Channy Dreadful's Dreaful Reviews

Dario Argento: The Man, the Myths & the Magic

Saturday, 3 December 2016

 

Dario Argento: The Man, the Myth & the Magic by Alan Jones. Reviewed by Andrew Tadman. @thebooksofblood. 5 Stars

 

Dario Argento is undeniably a horror legend. His horror and giallo films have proven groundbreaking, bringing us such classics as Suspiria, Tenebrae and Deep Red, to name but a few from an illustrious body of work. His bold visual imagery and use of color on the screen have rarely been matched.

 

This book provides an in-depth examination of his career, both as a director and a producer, looking at each of his films in chronological order. It's clear that Alan Jones, the journalist who put this together, is a dedicated fan of Argento and that comes through with his enthusiastic writing and thirst for detail and knowledge about the man and his work. After the background and discussion of each film, Jones follows up with a review, detailed production information, and shooting locations. Dario Argento: The Man, the Myths & the Magic is the third edition of this book, originally published in 2004. This edition contains additional material and brings the filmography covered up to date. It includes a foreword by BBC film critic Mark Kermode.

 

Throughout the book, Jones gives us interviews with other high-profile directors, effects artists, musicians and actors who have worked with Argento during his extensive career. These include interviews with George A. Romero, Tom Savini, and his daughter and often used lead actress, Asia, but the most important voice is Argento's. The interviews provide great insight into the creative process, struggles with studios, and the vision of Argento. He's a very confident, driven man who knows what he wants. His single-mindedness can be almost funny at times. It's clear he's the maestro. It's a joy to read his thoughts on his movies and find out where some of his ideas originated. There are plenty of arguments and conflicts covered in this book from quarreling with Romero about too much comedy in Dawn of the Dead to arguing with Fulci that there was not enough gore in a movie. The depth in this book is incredible. Even his relationship with Goblin, the band that provided the soundtrack to many of his movies, is covered. It would be hard to imagine his movies without them.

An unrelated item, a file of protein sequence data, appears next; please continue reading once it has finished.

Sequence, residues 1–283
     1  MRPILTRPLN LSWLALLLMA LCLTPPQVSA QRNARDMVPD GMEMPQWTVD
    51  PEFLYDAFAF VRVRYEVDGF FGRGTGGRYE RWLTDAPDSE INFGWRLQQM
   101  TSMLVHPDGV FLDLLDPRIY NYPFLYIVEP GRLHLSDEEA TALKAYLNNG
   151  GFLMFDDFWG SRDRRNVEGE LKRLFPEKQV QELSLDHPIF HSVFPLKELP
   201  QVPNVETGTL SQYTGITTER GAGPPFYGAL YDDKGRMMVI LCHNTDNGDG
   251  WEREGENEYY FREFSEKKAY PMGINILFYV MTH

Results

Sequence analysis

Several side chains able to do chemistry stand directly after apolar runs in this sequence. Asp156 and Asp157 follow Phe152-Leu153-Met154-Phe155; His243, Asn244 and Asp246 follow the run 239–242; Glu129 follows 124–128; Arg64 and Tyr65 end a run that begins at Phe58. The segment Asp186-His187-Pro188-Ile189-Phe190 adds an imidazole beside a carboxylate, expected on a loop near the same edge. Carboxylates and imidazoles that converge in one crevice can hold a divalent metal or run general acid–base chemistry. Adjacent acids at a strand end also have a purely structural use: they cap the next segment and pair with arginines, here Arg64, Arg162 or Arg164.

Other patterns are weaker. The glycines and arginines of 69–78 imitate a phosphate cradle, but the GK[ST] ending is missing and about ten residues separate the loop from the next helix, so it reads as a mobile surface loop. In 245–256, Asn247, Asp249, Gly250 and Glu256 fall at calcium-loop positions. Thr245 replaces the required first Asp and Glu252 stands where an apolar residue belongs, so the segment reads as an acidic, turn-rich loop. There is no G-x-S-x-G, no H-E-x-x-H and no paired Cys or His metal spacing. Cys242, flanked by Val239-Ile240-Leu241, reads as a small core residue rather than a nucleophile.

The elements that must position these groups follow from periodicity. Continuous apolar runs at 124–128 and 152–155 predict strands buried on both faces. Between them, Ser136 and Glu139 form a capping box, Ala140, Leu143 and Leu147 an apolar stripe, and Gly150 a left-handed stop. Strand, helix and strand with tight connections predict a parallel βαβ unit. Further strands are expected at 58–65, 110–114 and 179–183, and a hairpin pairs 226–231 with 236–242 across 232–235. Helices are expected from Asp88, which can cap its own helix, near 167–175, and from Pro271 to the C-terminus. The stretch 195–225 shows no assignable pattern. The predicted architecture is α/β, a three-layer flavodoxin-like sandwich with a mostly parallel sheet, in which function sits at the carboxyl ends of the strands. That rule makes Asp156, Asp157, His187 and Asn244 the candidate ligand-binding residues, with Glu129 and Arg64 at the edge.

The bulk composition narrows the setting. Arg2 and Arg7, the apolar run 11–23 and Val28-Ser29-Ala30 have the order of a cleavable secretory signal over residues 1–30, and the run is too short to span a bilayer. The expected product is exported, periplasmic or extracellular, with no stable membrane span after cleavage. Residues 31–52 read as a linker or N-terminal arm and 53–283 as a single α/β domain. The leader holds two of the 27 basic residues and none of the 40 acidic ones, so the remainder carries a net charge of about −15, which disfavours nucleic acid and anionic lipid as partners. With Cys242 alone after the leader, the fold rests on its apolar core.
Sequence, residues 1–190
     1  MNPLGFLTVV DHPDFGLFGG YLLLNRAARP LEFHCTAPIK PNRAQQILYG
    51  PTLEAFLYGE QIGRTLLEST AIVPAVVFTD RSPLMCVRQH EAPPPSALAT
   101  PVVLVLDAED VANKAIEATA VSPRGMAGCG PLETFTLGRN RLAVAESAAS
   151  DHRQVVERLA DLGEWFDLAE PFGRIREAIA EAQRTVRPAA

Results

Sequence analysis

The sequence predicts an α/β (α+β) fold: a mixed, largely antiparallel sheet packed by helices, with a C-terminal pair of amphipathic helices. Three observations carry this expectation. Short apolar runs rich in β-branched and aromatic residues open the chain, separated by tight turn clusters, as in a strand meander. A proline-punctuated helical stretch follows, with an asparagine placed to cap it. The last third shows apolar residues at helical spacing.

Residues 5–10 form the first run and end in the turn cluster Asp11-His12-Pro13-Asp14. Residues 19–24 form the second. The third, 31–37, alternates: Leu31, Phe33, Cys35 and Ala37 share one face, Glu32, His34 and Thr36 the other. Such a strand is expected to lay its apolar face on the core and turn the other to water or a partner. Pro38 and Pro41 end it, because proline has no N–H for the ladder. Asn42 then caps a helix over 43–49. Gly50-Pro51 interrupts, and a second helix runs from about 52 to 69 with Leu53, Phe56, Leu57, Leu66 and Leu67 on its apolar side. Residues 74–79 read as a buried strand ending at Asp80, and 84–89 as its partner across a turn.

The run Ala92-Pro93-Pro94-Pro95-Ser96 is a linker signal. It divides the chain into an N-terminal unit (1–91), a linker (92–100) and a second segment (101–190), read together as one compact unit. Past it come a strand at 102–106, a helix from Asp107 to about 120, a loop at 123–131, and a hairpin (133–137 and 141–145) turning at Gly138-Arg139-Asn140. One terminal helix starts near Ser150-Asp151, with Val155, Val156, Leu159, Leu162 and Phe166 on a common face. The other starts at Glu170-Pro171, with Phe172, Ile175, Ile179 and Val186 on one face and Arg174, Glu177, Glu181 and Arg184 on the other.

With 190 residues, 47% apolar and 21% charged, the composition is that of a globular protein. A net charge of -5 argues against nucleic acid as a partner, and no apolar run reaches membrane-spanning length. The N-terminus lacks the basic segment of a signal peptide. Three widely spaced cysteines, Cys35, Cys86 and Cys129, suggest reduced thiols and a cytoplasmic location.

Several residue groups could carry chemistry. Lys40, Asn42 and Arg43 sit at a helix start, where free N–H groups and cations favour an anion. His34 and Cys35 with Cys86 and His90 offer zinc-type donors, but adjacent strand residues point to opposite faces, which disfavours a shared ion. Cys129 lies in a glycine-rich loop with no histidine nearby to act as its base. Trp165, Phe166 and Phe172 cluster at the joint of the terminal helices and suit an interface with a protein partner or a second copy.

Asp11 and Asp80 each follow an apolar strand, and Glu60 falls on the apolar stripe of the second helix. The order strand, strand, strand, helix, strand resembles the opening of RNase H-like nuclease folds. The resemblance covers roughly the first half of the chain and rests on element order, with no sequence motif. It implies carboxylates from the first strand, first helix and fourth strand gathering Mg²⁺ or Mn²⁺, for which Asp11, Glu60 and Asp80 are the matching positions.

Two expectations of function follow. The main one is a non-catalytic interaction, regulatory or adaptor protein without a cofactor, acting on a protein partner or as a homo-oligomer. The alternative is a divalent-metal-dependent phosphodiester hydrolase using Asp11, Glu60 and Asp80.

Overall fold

This hefty tome is gorgeous and filled with hundreds of color and black & white photos, stills, and movie art. The behind-the-scenes photos taken during shooting are really fascinating. It's a visual treat on top of excellent writing. It could be argued that some of Argento's magic waned in his later years with Mother of Tears (which I actually loved) and Dracula 3D. However, it's impossible to argue against his impact on film-making and horror. This exhaustive book is a must for Argento fans and for fans of Italian horror. There has been no more thorough examination of his work.

 

 

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